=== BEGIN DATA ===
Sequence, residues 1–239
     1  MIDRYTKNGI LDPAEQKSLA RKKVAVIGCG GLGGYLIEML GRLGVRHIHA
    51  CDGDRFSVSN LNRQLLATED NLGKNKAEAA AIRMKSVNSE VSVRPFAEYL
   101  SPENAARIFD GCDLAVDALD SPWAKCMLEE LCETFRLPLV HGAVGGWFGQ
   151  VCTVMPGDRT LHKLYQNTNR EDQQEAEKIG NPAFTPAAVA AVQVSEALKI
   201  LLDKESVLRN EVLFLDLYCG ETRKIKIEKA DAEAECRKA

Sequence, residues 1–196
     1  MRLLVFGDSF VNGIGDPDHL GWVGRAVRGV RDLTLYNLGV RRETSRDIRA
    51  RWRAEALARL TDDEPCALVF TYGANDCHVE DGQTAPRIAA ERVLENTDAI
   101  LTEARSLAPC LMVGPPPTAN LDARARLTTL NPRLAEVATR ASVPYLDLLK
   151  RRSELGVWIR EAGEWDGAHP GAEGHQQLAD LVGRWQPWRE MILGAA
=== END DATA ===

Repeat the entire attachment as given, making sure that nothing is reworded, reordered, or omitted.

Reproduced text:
Sequence, residues 1–239
     1  MIDRYTKNGI LDPAEQKSLA RKKVAVIGCG GLGGYLIEML GRLGVRHIHA
    51  CDGDRFSVSN LNRQLLATED NLGKNKAEAA AIRMKSVNSE VSVRPFAEYL
   101  SPENAARIFD GCDLAVDALD SPWAKCMLEE LCETFRLPLV HGAVGGWFGQ
   151  VCTVMPGDRT LHKLYQNTNR EDQQEAEKIG NPAFTPAAVA AVQVSEALKI
   201  LLDKESVLRN EVLFLDLYCG ETRKIKIEKA DAEAECRKA

Sequence, residues 1–196
     1  MRLLVFGDSF VNGIGDPDHL GWVGRAVRGV RDLTLYNLGV RRETSRDIRA
    51  RWRAEALARL TDDEPCALVF TYGANDCHVE DGQTAPRIAA ERVLENTDAI
   101  LTEARSLAPC LMVGPPPTAN LDARARLTTL NPRLAEVATR ASVPYLDLLK
   151  RRSELGVWIR EAGEWDGAHP GAEGHQQLAD LVGRWQPWRE MILGAA